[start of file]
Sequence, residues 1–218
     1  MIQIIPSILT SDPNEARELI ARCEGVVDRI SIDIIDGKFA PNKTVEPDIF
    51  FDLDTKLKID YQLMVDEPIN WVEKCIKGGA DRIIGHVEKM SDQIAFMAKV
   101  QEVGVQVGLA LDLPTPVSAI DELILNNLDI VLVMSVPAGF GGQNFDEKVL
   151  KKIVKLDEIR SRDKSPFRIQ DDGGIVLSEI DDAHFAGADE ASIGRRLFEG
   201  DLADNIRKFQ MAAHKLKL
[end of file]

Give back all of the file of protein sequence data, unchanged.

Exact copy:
Sequence, residues 1–218
     1  MIQIIPSILT SDPNEARELI ARCEGVVDRI SIDIIDGKFA PNKTVEPDIF
    51  FDLDTKLKID YQLMVDEPIN WVEKCIKGGA DRIIGHVEKM SDQIAFMAKV
   101  QEVGVQVGLA LDLPTPVSAI DELILNNLDI VLVMSVPAGF GGQNFDEKVL
   151  KKIVKLDEIR SRDKSPFRIQ DDGGIVLSEI DDAHFAGADE ASIGRRLFEG
   201  DLADNIRKFQ MAAHKLKL